The Last of Us was just as impressive. In terms of graphics, the experience isn't perfectly on par with what you'd get from a PS3, but Sony emphasized that everything will depend on your bandwidth. When you start PlayStation Now, it will perform a connection check and warn you if your session will be hampered by slow data speeds. We noticed some visual artifacts on screen, but the opportunity to play full-fledged PS3 game on a TV screen sans any console should make up for that in the minds of many.

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        January 7, 2014 11:39 AM

        In terms of graphics, the experience isn't perfectly on par with what you'd get from a PS3, but Sony emphasized that everything will depend on your bandwidth

        So basically it takes the one thing that's good about consoles (a consistent experience) and throws it away.

        When you start PlayStation Now, it will perform a connection check and warn you if your session will be hampered by slow data speeds

        Oh good, I wanted to play this game but thanks to a bunch of factors out of my control (damn neighbors downloading Linux ISO's) the game is going to look like shit tonight.

        Yes, there's a slightly perceptible lag between button presses and a corresponding action on screen, but we still managed to slay numerous enemies in God of War's brutal style without it being a problem.

        So, just like OnLive, it works great as long as you choose to ignore the parts that suck.

        I really wish people would just give up on this idea already.

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          January 7, 2014 1:02 PM

          Luckily people like you don't run things in the technology sector. If people gave up on things this easily we wouldn't be where we are today. If you want this to work for you, start bitching at Verizon, Comcast, Time Warner, ISPs to fix things on their end. They're holding up the future.

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            January 7, 2014 2:02 PM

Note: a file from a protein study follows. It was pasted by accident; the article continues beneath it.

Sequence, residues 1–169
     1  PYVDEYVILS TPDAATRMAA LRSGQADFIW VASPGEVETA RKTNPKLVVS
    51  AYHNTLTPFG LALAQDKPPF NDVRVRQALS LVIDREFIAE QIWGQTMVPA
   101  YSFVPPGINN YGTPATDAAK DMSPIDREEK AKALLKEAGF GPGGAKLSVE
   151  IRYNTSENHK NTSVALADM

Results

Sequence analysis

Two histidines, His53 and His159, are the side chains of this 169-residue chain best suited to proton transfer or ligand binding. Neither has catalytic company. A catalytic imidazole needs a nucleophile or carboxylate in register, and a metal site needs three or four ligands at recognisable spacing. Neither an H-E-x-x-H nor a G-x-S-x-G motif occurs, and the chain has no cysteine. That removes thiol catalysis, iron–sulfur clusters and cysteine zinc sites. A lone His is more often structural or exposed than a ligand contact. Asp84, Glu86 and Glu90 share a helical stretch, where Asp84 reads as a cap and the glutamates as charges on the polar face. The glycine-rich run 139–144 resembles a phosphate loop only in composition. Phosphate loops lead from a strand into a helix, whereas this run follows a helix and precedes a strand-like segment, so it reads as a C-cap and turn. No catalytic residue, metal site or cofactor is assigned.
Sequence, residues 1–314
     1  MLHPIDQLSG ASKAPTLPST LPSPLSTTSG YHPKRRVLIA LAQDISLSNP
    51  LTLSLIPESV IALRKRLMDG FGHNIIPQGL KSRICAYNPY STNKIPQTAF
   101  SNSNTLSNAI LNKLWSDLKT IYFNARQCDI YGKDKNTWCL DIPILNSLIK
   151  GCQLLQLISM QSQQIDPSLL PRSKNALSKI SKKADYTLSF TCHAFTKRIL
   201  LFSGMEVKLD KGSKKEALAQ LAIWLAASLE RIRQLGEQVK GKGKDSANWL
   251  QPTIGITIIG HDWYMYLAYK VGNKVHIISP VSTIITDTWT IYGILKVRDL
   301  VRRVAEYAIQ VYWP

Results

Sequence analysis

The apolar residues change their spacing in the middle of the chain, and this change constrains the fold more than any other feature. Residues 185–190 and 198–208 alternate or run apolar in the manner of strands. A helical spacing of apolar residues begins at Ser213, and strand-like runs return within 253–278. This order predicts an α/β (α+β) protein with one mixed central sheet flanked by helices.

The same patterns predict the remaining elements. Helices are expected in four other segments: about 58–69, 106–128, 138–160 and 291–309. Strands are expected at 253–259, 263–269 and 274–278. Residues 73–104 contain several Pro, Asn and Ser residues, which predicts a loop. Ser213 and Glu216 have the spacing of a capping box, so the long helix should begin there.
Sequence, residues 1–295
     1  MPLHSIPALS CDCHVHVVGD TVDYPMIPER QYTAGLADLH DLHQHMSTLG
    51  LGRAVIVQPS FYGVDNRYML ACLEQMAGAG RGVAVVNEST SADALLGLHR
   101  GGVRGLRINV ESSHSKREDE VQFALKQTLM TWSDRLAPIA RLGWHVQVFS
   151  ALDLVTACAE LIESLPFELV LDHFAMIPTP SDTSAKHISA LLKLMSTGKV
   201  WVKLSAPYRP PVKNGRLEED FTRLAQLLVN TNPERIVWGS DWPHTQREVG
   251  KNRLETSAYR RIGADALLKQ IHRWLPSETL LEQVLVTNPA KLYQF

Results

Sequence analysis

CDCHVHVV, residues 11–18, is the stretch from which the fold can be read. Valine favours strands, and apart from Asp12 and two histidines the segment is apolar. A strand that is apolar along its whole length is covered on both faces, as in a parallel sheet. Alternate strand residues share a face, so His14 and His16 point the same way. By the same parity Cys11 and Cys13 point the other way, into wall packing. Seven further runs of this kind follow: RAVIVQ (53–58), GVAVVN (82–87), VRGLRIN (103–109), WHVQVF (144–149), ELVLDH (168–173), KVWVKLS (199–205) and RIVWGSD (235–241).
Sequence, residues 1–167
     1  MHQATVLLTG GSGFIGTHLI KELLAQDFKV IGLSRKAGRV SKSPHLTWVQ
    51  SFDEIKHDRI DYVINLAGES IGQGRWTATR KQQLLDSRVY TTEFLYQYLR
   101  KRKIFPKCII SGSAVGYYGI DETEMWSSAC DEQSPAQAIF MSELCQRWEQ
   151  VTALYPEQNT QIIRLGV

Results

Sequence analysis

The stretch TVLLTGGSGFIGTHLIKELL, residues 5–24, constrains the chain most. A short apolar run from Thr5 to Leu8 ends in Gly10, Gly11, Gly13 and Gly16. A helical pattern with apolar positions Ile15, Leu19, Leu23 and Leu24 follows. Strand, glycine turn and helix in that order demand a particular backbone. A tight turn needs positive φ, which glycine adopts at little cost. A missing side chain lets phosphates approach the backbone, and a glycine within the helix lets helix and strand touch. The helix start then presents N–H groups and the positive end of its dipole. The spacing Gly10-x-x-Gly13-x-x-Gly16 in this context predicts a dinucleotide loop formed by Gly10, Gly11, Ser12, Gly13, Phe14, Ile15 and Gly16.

We've been bitching at them for years. They practically owned the FCC and now that they don't, they've made it far less effectual.

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            January 7, 2014 2:10 PM

            So instead of coming up with some sort of PS3 emulation solution and allowing a one-time download of games to be played on every device and using the cloud for saved games or something, we should instead focus our resources on making video of a game fit through a series of tubes pipes we don't own which are subject to a large number of factors outside of our control, not the least of which is that they're controlled by companies with a vested interest in "holding up the future" (i.e., Time Warner Cable doesn't care that you can't stream Netflix because they have no competitors in your area and they have their own movies on demand service).

            There's a lot of reasons that no company has successfully done this and none of them are that no one's thought of it yet.

            Cloud gaming is a myth perpetrated by people who don't understand technology or the laws of physics or who could potentially turn a profit on the backs of naive investors (i.e., the guys who made Gaikai cashed out, and I'm betting that was OnLive's plan all along but it didn't work). The only things worse are the apologists ("hey if you ignore the input lag and shitty graphics this is cool!", "hey this sucks right now but surely if I keep paying for it they'll fix it some day, right?")

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              January 7, 2014 2:46 PM

              Yeah, we got it the first time. You're an old man who can't see the future.

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                January 8, 2014 6:45 AM

                And "the future" = not playing games you "bought" when Sony decides they don't want to stream them anymore. Methinks you're the one who can't see the ultimate future of what they are creating.

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                  January 8, 2014 8:37 AM

                  That's the same problem all digital distribution systems share but the benefits far outweigh the possibility that'll happen anytime soon so I don't worry about it. If it happens then whatever, at least I got a bunch of use from it in the meantime.

                  You're stuck in a paranoid world reserved for everyone afraid of new things.

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                    January 8, 2014 10:04 AM